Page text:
Support The Moscow Times!

Blatter Concerned by Russian Football Racism Before World Cup

FIFA president Sepp Blatter is seen at the Annual General Meeting (AGM) of the International Football Association Board (IFAB) being held in the Culloden Hotel near Belfast, Northern Ireland.

HOLYWOOD, Northern Ireland — FIFA President Sepp Blatter is concerned by a study that highlighted the scale of Russian football's racism problem ahead of the 2018 World Cup, warning there "must be some sanctions" if the extremism is not eradicated.

A report produced by the Fare network, an organization that combats discrimination in football, and the Moscow-based SOVA Center showed that Russia is plagued by a racist and far-right extremist fan culture.

"I am aware of the report," Blatter said. "We are concerned, definitely."

Blatter's approach to combatting racism faced criticism before FIFA eventually introduced tougher sanctions in 2013, which can see a team being banned from a tournament for repeat offenses by a club or its fans.

Blatter spoke last July to Russian President Vladimir Putin about making the tackling of racism a priority, but cases have continued to blight the 2018 World Cup host nation, including in high-profile Champions League games.

"Education definitely is required, and if it does not stop then there must be some sanctions," Blatter said on the sidelines of a meeting of football rule makers. "We have started a big education program with them. They are aware of the situation."

The "Time for Action" report on Russian racism, which the AP revealed on Friday, details dozens of cases of discriminatory behavior linked to Russian football over two seasons and warned that "it will be difficult to ensure the safety of visitors" to the World Cup. It followed Tokyo Sexwale, an adviser to FIFA's anti-racism task force, telling the AP recently that black people are "scared of going to Moscow."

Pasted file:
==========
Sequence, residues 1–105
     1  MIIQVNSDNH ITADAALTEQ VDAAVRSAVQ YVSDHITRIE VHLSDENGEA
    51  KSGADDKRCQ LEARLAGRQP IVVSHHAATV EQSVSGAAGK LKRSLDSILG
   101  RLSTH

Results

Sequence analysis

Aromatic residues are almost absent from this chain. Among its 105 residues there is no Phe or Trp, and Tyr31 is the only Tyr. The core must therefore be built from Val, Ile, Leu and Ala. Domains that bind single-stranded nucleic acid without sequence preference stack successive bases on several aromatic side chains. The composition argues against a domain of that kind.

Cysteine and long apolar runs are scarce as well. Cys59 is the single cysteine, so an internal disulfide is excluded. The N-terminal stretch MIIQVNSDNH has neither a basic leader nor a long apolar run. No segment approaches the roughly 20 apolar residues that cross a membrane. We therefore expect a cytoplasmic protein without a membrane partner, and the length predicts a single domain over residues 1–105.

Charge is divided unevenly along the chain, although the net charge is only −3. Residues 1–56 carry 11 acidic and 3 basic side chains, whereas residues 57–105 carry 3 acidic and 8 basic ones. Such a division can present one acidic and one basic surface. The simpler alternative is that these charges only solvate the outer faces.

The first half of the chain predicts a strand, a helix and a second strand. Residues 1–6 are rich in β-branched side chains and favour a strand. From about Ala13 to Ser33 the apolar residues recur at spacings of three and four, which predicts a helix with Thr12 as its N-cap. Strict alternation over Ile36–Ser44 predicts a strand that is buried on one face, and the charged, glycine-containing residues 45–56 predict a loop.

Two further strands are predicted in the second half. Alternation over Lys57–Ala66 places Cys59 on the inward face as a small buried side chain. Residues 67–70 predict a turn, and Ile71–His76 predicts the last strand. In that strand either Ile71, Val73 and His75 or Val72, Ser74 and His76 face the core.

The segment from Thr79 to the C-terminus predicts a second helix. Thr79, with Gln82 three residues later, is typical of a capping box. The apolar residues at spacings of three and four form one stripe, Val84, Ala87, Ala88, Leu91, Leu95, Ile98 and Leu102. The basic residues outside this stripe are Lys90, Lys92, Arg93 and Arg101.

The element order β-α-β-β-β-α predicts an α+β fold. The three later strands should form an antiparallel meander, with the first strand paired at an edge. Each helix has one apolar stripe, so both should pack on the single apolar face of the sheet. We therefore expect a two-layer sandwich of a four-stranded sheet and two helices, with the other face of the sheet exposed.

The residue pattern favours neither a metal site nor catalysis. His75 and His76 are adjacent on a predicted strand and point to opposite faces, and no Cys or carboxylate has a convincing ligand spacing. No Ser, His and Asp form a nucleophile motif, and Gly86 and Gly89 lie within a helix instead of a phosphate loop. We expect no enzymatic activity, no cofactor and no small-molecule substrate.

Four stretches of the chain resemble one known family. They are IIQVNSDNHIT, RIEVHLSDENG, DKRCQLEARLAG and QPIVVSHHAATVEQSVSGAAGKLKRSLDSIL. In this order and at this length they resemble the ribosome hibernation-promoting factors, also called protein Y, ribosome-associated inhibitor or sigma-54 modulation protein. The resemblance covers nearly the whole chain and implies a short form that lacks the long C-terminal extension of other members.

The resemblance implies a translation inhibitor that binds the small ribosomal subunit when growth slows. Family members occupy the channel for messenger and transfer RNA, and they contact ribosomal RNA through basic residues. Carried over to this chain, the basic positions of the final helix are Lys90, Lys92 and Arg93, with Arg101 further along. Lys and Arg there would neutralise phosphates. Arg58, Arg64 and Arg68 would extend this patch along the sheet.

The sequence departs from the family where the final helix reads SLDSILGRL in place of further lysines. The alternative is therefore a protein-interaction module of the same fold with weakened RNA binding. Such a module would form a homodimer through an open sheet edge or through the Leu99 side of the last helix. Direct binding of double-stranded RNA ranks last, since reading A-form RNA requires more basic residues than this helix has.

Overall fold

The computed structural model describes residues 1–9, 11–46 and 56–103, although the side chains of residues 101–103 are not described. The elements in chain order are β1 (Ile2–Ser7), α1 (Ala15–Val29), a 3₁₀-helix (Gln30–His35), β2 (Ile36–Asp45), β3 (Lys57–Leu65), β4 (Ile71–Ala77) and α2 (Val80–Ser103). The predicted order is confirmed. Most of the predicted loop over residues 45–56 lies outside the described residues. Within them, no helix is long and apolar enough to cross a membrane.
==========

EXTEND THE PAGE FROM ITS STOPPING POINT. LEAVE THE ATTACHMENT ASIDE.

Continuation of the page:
The Fare network wants sanctions for discriminatory conduct consistently applied by the Russian football authorities, a plan created to take on far-right groups and diversity actively promoted in host cities.

"Racism is one of the items which is on my agenda on the very top, every day," Blatter said. "But every day unfortunately, we have racist demonstration somewhere in the world and we have to fight that.

"I just have a discussion with Tokyo Sexwale on this matter and we will have somewhere a meeting at the end of March because there must be some ways to have solutions because it cannot [go on]."

… we have a small favor to ask. As you may have heard, The Moscow Times, an independent news source for over 30 years, has been unjustly branded as a "foreign agent" by the Russian government. This blatant attempt to silence our voice is a direct assault on the integrity of journalism and the values we hold dear.

We, the journalists of The Moscow Times, refuse to be silenced. Our commitment to providing accurate and unbiased reporting on Russia remains unshaken. But we need your help to continue our critical mission.

Your support, no matter how small, makes a world of difference. If you can, please support us monthly starting from just $2. It's quick to set up, and you can be confident that you're making a significant impact every month by supporting open, independent journalism. Thank you.

paiment methods
Not ready to support today?
Remind me later.

Read more